Motorcycles do not have the same level of visibility and protection as cars and trucks, nor does their size allow them a fighting chance in a collision. Unfortunately, despite their safest efforts, motorcyclists suffer the worst consequences of poor driving habits on the road. According to the National Highway Traffic and Safety Administration (NHTSA), when motorcycles and cars collide, it’s usually not the motorcyclists who are violating the law. The most common road behaviors leading to fatal motorcycle accidents involving other motor vehicles include:

  • Turning left in front of a motorcycle (most common accident);
  • Changing lanes without checking mirrors;
  • Driving distracted, drunk, or impaired drivers;
  • Swerving in and out of lanes;
  • Speeding or aggressively driving;
  • Entering and exiting highways without looking; and
  • Following motorcycles too closely.

Motorcycle accidents most commonly occur during the week, when cars and vehicles are in more of a rush to during work commutes and weekly activities. The Governors Highway Safety Association (GHSA)reports that most riders killed in motorcycle accidents die after hitting fixed objects. Motorists who are not paying attention or driving aggressively can easily swerve or push motorcycles into signs, guard rails, road barriers, and concrete bridge pillars, all with the capability of causing fatal injuries.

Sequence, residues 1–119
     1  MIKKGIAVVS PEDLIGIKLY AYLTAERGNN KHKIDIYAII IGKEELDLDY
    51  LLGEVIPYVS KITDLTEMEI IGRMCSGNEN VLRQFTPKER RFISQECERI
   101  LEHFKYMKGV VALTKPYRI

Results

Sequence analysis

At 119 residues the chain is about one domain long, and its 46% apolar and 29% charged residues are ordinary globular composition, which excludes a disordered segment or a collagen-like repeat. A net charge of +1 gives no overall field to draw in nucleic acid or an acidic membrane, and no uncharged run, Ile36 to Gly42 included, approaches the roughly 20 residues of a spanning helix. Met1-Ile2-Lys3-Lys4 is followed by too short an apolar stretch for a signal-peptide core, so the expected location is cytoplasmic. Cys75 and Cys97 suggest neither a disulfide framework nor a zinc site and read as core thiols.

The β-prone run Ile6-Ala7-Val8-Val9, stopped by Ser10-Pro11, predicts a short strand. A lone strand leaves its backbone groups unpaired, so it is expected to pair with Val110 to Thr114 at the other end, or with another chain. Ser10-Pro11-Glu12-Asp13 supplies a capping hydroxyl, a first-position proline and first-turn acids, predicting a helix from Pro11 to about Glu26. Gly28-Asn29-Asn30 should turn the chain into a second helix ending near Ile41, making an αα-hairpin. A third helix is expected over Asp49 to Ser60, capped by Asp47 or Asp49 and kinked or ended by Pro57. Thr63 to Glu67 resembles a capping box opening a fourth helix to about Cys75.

Injuries Caused by Motorcycle Accidents

Even if a motorcycle accident does not prove to be fatal, serious and permanent injuries can result from collisions that could cost a rider years of pain and suffering. Possibly injuries may include: